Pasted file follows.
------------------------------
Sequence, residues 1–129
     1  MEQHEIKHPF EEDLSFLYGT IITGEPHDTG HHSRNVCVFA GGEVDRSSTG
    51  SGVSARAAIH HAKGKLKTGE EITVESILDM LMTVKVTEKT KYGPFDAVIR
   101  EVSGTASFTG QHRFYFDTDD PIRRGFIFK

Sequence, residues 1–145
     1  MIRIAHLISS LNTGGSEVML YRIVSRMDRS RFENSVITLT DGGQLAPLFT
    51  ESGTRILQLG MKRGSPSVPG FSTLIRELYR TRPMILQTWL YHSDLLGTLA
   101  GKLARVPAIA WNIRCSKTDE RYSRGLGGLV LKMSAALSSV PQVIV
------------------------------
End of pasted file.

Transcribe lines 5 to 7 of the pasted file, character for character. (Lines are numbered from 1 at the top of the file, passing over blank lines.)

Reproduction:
Sequence, residues 1–145
     1  MIRIAHLISS LNTGGSEVML YRIVSRMDRS RFENSVITLT DGGQLAPLFT
    51  ESGTRILQLG MKRGSPSVPG FSTLIRELYR TRPMILQTWL YHSDLLGTLA